Applied Ballistics FAQ


Well-Known Member
Nov 12, 2014
I have had quite a lot of common questions during my time with Applied Ballistics. I would like to share some of most common questions and answers, in the hopes that you all will spread them throughout the shooting community. A lot of this will reference the Resource Page:

Q: Where do I measure from to do a Tall Target Test?
A: From the Turrets.

Q:I have a gain twist barrel, or I plan on getting a gain twist barrel, how do I input this/what twist rate should I get?

A: The important thing with gain twist is that the muzzle exit twist needs to be the twist required to stabilize the bullet (or faster). So as a ballistics program input, if it’s a 1:10-8” gain, you would use is 8.

Q: Should I use a G1 or G7 form factor?
A: You should be using a Custom Drag Model, which is neither a G1 nor a G7. It is actually a representation of the actual bullet model against itself. CDMs (Custom Drag Models) ARE NOT G7 curves or segmented BC’s. However if you are going to use a G1 or G7, use a G1 when it’s a flat base bullet like the 22LR and 40 gr FB Varmint, use a G7 when it’s a boat tailed like the .308 185 gr Juggernaut and .243 105 gr Hybrid.

Q: I am using two different apps, and my firing solution is 1/2/3 moa off, can you help me please?
A: The biggest culprit here comes from 1 of 4 different places.
1. BC: Sometimes users will select to use a G7 BC, or switch BCs but the number doesn't actually change. Make sure you verify not only that you have selected the correct drag standard (G1 or G7), but that it is an appropriate number. If you are running a 6.5 Creedmoor, and have a BC of around 600 yet you have selected G7 form factor, this is incorrect.
2. MV: Sometimes users do not have the correct muzzle velocity input (this can be due to change in weather), but it can also be due to using MV Variation (Or Temp Table) incorrectly. We have detailed information on how to use this feature in the AB Mobile Guide on the resources page Your input for fps/degree should be between zero and two; any higher and you’re going to be off.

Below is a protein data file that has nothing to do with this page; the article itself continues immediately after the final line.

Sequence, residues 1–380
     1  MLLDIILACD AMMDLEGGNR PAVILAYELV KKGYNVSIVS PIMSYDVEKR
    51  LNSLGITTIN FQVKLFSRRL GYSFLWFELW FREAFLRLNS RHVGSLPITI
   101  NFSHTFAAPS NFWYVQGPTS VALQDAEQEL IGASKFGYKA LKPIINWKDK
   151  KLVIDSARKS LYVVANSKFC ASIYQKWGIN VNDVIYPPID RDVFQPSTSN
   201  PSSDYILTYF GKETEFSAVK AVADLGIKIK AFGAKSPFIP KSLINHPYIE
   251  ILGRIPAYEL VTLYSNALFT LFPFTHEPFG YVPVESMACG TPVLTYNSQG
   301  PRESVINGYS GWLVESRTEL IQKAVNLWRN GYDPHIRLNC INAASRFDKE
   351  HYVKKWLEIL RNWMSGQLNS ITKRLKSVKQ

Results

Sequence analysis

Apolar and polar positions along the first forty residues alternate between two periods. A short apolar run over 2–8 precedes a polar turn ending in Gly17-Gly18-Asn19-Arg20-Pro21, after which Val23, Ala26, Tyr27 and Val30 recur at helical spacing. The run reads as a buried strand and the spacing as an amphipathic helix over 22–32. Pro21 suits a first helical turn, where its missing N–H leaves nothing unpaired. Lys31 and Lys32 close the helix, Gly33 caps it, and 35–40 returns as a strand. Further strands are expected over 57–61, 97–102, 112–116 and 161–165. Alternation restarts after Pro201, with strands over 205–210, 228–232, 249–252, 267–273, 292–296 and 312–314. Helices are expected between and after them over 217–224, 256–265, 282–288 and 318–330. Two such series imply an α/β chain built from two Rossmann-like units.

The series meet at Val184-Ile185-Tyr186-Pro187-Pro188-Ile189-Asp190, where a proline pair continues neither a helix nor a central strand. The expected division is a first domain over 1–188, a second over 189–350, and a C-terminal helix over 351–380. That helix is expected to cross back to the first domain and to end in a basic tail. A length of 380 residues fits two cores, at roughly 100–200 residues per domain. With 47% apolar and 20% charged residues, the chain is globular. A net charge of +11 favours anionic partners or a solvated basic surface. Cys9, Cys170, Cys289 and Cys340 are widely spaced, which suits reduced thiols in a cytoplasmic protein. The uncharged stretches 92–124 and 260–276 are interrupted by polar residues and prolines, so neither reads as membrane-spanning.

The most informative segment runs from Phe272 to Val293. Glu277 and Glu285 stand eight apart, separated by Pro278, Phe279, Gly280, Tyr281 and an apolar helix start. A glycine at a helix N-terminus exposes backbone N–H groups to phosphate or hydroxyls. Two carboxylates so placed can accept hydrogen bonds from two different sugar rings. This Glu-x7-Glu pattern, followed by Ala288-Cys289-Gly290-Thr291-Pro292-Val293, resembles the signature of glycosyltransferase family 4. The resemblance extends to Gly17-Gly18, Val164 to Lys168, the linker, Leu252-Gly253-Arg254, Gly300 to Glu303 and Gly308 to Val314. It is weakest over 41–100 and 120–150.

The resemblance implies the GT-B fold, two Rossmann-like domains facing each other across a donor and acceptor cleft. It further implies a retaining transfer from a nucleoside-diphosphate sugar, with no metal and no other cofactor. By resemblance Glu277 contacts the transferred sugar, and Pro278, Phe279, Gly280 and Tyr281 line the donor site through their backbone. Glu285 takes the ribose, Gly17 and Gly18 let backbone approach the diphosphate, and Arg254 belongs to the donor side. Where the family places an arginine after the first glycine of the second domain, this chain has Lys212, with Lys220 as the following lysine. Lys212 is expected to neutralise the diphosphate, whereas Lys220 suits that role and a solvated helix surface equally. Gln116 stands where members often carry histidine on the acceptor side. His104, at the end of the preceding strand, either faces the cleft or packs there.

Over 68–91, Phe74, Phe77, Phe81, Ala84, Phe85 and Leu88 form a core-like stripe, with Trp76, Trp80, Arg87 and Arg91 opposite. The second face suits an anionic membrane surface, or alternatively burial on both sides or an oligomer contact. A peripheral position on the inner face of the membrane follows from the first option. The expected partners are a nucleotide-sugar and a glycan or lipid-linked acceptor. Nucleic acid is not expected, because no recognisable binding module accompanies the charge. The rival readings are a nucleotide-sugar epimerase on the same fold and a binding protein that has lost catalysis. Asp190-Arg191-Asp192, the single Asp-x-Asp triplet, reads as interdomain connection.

3. Turret Tracking: This tends to throw people off for a number of reasons. First off, some users don't know to even check this. Remember it’s a mechanic adjustment that is subject not only to wear, but defects. Secondly some users don't know how to input it correctly. If you have the Kestrel, you simply correct your MV for this. You can find out more in the Ballistics Calibration Article on the Resource Page on this. If you are using the AB Mobile app, you are entering a correction FACTOR. Meaning that number is going to multiplied by something. So if you change that 1 to a 0, you are in for a world of hurt. The AB Mobile guide on the resource page tells you how to properly use this number, on top of the turret tracking test document you can download which has the formulas and setup for this test. Both of these can be found on the resource page
4. Segmented BCs: You should always double check and make sure that the segmented BCs are in order. If they do not follow in order for velocity, it can cause firing solution errors.

Q: How important is inputting zero atmosphere?
A: For a 100 yard zero you DO NOT need to worry about atmospherics. This is for long range zeros (example 300 yards). If you zero at 100 yards, your zero is good for altitudes and conditions.